1. Act to remove the conflict of interest immediately. This may be accomplished in a number of ways, including withdrawing from the supervisory position over the person, if possible, or ending the relationship.

If your institution's policy requires it, report the relationship to a supervisor or administrator to ensure that all conflicts have been adequately resolved.

What Everyone Needs to Know About Handling Sexual Harassment

Take the report seriously. Assure the person that the complaint or problem is being taken seriously and that the institution will respond to the problem promptly.

Listen, sympathize, but don't judge. Listen to what the person has to say, sympathize, but make no judgment or commitment regarding the allegations or how the investigation will be conducted. Do assure the person that the institution takes sexual harassment seriously and will not tolerate it.

Don't delay. If you are not the individual designated to process sexual harassment complaints, tell the complainant who is responsible and offer to help contact that person. If that person is not immediately available, tell the complainant you will follow through immediately after this interview. Then do it as soon as possible. Delays of even a few days can make investigations difficult or send a signal to the complainant that the institution is not taking the complaint or problem seriously.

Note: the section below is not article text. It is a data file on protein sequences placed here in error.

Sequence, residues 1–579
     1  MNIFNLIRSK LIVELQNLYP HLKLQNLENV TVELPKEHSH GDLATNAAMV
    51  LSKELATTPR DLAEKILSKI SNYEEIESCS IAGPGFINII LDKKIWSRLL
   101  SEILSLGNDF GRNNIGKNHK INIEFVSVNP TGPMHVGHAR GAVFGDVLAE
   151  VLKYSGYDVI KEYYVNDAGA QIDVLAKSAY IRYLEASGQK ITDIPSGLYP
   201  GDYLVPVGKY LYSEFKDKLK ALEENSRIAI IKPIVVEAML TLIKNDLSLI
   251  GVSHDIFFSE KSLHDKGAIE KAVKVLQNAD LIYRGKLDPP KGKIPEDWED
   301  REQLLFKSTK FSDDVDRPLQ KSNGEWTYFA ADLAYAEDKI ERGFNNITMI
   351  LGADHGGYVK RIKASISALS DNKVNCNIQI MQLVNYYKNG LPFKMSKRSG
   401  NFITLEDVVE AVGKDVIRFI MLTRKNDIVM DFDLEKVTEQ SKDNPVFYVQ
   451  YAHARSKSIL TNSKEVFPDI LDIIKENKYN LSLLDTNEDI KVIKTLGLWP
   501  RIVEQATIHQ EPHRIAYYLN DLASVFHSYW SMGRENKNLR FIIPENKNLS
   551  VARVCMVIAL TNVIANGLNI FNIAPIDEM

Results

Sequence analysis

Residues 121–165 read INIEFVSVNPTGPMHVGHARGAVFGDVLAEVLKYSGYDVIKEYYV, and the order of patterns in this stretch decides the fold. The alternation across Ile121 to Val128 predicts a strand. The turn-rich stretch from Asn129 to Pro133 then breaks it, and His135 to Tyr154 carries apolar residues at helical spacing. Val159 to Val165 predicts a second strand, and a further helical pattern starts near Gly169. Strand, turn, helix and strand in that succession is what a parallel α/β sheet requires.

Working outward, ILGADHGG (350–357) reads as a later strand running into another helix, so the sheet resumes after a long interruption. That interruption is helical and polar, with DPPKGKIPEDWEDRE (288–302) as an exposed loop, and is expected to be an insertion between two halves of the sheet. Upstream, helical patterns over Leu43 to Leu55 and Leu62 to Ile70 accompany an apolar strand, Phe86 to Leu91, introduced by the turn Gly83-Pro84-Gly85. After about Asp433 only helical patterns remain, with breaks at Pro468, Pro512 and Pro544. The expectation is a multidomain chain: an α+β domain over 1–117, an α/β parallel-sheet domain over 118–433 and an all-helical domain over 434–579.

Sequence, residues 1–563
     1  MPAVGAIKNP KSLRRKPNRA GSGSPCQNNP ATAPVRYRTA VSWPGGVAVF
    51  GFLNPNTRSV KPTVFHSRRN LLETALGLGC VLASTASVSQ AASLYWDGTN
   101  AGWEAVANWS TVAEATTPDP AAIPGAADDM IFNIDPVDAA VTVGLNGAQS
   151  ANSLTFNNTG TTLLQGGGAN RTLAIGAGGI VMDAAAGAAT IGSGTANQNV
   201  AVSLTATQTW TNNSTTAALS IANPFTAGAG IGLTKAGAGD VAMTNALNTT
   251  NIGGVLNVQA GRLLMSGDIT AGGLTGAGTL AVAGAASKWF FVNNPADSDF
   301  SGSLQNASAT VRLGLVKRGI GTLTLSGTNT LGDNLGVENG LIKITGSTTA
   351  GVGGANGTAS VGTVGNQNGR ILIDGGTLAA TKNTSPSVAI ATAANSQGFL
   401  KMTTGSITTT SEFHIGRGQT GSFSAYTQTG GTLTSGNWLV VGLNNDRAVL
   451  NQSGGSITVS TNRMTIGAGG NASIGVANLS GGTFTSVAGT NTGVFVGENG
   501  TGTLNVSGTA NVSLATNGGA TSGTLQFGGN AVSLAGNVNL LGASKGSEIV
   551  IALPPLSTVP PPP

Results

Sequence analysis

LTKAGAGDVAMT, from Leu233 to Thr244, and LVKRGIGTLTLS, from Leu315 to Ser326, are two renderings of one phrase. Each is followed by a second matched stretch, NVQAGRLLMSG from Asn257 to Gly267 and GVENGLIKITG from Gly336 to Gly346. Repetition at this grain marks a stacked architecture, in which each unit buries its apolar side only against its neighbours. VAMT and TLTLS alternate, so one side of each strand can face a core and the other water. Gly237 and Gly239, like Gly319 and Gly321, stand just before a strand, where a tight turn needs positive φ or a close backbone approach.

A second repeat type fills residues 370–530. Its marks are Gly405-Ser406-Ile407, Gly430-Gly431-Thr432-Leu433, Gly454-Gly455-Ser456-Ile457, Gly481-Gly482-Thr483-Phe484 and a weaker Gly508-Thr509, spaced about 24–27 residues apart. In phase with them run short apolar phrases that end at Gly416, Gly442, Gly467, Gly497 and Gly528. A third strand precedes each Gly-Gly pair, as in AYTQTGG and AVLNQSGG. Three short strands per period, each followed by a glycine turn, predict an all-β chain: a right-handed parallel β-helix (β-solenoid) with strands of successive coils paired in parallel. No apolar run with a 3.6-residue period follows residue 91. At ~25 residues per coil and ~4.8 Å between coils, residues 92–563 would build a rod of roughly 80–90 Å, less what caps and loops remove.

Respond to Concerns. If the complainant expresses or indicates fear, assure the person that the institution will do everything in its power to ensure confidentiality (but make no promises), prevent retaliation and stop further harassment. If you are the person designated to process complaints or investigate them, answer any questions about the complaint process that will not jeopardize the investigation. If you are not the appropriate person to process a complaint, assure the complainant that his or her questions will be answered by the appropriate person.

Document. Write a detailed summary of what the complainant told you, including your observations of the person's demeanor. Submit it to the individual who will be processing the complaint.

Follow up on the complaint. Check with the complainant the next day to ensure that he or she is getting needed assistance.

Avoid using "Danger Words," such as "It's just teasing - no big deal."

Sexual Harassment Investigation Checklist for Managers
  1. Name of Complainant (at least first name, if the person wishes to remain anonymous)
  2. Position